Light can make everything better
The main reason why even the best smartphone cameras don’t match up to entry-level standalone cameras is that they have smaller sensors. This means they have less available light to use.
Compensating for this in editing can really take your photos to a new level. You generally want to start with white balance, followed by exposure and sharpness. This will often clean up a lot of issues that might have looked like they were to do with color.
If you have a photo with great composition but you can’t sort out the issues with lighting and color reproduction, try dialing back the exposure to make it black and white. This can be a very forgiving option.
Go easy on the color changes
Unless you’re deliberately going for a stylized look, go very carefully with the color changes. It’s very easy to overdo these and make a photo look fake.
As a rule of thumb, if you’re photographing the natural world, including people, leave the color alone. If you really must update it, do it very gently. If, however, you’re photographing something artificial, then you have more scope to play.
If you add or remove elements, think about dependencies
Adding and removing elements from photographs can really enhance them if done properly. If done badly, however, it can create some classic “Photoshop fail” situations. The reason for this is that changing elements successfully often requires thinking about their dependencies and correcting them too.
For example, say you take a picture with a random stranger in it. You want to remove them. That’s fine but then you may also need to remove their shadow and correct the background where they were placed.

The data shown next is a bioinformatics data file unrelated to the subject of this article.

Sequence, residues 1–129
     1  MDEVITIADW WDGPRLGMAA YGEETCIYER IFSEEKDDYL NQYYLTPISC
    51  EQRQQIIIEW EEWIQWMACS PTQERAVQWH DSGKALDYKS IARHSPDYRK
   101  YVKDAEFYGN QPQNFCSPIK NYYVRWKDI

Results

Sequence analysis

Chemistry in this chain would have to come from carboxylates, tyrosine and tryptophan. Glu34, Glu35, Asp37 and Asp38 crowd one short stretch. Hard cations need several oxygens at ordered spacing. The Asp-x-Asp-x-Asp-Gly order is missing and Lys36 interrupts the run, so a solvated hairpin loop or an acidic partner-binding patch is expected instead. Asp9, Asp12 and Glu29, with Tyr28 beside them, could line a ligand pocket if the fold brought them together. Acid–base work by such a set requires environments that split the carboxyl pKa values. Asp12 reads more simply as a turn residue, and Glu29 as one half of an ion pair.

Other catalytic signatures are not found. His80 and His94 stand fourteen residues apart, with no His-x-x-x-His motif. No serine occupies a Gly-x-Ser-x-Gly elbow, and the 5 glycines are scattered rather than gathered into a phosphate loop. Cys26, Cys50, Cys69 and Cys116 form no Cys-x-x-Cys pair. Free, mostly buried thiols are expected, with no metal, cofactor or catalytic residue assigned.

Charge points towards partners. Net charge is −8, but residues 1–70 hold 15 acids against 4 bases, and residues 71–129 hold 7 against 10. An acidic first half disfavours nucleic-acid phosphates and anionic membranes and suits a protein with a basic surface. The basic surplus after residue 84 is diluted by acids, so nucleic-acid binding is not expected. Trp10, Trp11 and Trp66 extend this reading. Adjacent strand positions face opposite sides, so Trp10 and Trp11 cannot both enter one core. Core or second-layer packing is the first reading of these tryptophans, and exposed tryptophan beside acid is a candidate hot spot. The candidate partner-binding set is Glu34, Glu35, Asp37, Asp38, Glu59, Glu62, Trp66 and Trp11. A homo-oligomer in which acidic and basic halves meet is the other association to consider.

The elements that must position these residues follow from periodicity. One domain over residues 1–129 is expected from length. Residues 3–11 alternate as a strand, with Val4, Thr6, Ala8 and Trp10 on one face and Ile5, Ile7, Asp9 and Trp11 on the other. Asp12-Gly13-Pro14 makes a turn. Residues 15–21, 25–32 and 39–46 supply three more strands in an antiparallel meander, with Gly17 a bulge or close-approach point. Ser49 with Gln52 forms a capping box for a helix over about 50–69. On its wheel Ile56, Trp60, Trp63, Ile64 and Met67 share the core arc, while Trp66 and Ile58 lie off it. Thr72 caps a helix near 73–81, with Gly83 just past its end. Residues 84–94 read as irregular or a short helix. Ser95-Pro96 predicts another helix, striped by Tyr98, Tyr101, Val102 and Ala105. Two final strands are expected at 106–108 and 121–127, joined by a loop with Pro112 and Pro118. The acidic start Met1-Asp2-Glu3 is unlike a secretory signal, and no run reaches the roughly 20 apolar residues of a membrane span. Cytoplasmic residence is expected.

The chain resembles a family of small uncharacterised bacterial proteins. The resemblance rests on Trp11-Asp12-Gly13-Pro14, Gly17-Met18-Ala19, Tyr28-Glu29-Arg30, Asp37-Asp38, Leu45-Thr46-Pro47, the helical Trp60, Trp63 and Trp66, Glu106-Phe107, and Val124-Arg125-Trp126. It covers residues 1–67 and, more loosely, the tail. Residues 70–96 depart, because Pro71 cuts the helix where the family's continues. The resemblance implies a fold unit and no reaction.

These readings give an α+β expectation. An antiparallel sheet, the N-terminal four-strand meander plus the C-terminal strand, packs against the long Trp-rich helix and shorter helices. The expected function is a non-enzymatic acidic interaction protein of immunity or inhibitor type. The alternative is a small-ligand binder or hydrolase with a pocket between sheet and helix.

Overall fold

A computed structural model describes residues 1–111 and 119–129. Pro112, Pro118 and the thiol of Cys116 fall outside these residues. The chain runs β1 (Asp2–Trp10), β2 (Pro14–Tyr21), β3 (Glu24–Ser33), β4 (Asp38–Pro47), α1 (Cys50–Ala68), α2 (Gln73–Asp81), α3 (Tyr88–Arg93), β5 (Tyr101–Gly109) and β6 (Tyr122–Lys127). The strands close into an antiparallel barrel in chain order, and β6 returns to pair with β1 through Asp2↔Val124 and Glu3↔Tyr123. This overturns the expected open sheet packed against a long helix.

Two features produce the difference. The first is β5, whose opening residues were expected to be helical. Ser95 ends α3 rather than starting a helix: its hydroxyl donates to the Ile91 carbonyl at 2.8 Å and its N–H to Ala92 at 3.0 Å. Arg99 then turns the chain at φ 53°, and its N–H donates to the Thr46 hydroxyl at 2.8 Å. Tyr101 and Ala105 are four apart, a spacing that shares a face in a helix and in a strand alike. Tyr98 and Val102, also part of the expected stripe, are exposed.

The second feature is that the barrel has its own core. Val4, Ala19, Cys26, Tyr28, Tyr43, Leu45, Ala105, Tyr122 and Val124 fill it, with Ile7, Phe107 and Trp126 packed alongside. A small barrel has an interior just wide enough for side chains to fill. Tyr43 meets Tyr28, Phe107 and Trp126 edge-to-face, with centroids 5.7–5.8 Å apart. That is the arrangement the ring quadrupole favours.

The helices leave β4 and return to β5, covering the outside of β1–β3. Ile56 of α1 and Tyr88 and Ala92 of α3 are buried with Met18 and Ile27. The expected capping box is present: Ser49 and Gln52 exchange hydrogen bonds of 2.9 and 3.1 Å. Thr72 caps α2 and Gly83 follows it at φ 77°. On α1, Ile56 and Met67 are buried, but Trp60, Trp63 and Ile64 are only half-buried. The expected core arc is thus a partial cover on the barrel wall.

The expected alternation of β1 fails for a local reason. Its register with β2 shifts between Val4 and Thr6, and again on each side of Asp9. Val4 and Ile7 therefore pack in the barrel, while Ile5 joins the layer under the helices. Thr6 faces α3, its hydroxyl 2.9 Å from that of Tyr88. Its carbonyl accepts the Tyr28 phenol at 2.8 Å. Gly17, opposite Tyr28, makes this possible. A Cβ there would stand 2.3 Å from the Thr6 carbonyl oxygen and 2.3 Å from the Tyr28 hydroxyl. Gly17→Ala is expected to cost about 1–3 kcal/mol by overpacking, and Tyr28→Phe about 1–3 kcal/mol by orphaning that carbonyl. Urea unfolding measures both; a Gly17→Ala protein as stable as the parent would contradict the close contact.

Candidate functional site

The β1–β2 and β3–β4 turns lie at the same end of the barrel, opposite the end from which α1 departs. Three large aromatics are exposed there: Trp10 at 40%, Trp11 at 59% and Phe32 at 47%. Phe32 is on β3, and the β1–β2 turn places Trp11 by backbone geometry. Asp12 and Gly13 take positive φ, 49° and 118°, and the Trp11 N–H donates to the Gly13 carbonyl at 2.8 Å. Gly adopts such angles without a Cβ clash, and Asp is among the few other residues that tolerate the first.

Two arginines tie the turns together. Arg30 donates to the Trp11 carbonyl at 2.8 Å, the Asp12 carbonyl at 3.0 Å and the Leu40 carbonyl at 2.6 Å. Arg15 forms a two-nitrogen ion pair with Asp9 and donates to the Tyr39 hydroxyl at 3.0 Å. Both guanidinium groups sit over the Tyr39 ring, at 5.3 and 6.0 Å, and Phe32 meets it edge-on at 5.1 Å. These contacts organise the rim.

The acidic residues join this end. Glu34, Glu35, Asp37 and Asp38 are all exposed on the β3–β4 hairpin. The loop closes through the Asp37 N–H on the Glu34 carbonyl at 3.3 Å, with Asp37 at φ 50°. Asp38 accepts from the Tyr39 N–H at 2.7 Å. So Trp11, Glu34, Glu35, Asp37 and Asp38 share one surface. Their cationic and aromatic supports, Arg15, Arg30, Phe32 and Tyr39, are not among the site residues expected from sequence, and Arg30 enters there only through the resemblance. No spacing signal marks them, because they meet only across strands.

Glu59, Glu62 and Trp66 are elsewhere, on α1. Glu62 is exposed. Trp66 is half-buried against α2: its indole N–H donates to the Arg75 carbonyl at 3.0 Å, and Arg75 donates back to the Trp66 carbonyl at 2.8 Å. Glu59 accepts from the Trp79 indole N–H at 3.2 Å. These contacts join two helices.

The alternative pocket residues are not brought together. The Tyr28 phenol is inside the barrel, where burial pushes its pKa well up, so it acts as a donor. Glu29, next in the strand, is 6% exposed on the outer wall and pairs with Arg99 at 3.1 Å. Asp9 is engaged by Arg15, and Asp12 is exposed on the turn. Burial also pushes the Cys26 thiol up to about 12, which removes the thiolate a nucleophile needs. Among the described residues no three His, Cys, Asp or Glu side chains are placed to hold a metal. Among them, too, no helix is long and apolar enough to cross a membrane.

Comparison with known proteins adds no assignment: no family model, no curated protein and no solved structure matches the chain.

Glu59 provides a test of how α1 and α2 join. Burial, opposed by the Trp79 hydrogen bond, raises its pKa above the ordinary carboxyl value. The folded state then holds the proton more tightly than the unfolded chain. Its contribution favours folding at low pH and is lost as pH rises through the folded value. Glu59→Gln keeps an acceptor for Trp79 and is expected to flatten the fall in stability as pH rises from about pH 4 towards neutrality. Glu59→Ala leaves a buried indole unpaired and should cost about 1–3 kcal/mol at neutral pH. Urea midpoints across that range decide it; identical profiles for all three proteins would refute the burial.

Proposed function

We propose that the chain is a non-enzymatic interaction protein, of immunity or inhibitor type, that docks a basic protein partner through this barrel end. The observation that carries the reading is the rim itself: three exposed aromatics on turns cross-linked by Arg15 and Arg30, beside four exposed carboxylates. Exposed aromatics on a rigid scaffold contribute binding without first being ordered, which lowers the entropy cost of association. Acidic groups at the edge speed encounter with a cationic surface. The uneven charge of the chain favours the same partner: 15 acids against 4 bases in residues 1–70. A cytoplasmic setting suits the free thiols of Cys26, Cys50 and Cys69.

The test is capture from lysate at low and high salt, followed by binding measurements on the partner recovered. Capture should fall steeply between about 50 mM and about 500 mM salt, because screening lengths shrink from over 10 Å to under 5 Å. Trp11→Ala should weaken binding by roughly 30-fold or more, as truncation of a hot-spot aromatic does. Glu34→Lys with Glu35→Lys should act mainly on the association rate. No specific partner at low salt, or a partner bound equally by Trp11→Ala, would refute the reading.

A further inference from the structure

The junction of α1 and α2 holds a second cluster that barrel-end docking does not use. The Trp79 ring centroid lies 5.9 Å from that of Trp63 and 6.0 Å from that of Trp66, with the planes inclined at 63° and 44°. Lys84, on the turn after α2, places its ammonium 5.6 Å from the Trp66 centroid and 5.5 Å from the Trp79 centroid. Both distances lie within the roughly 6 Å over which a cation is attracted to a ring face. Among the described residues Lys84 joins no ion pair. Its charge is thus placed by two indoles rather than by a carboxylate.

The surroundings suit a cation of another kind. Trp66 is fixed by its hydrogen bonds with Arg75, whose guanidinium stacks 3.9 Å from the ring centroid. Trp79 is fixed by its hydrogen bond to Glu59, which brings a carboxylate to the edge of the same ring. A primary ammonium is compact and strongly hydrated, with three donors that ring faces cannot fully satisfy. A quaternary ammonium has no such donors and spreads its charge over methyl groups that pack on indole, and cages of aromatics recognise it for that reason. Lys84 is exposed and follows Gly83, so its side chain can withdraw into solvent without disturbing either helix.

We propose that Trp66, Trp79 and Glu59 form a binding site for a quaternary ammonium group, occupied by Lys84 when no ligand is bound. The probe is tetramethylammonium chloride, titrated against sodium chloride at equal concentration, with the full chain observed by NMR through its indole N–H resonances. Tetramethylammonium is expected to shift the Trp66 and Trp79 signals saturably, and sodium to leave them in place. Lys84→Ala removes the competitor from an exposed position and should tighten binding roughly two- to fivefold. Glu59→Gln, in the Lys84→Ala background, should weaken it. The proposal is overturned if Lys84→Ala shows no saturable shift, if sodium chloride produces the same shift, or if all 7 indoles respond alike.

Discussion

When you’re removing elements, it’s often fairly easy to spot when something “isn’t quite right”, at least if you look. When you’re adding elements, however, it’s on you to think everything through without any visual clues. This is a whole lot harder and generally left well alone.
Understanding the limits of cell phone photos
Even though cell phone cameras have improved massively since they were first invented, they’re still not up to the same standards as amateur digital cameras. They’re certainly not up to the same standards as professional-level digital cameras.
The most obvious sign of this is the fact that cell phone photos generally only look good at a relatively small size. If you want to turn them into something with a large format, like a poster, you usually need to build them into a collage.
If you want a really special photo of a really special object, like a moon print from a memorable day, then it’s best to pay for professional work. This not only gets you the best image, but also the highest printing standards.
Do you have any photo editing tips to share? Drop them in the comments please.
You’ve used your photo editing tips, now what? Check out this video!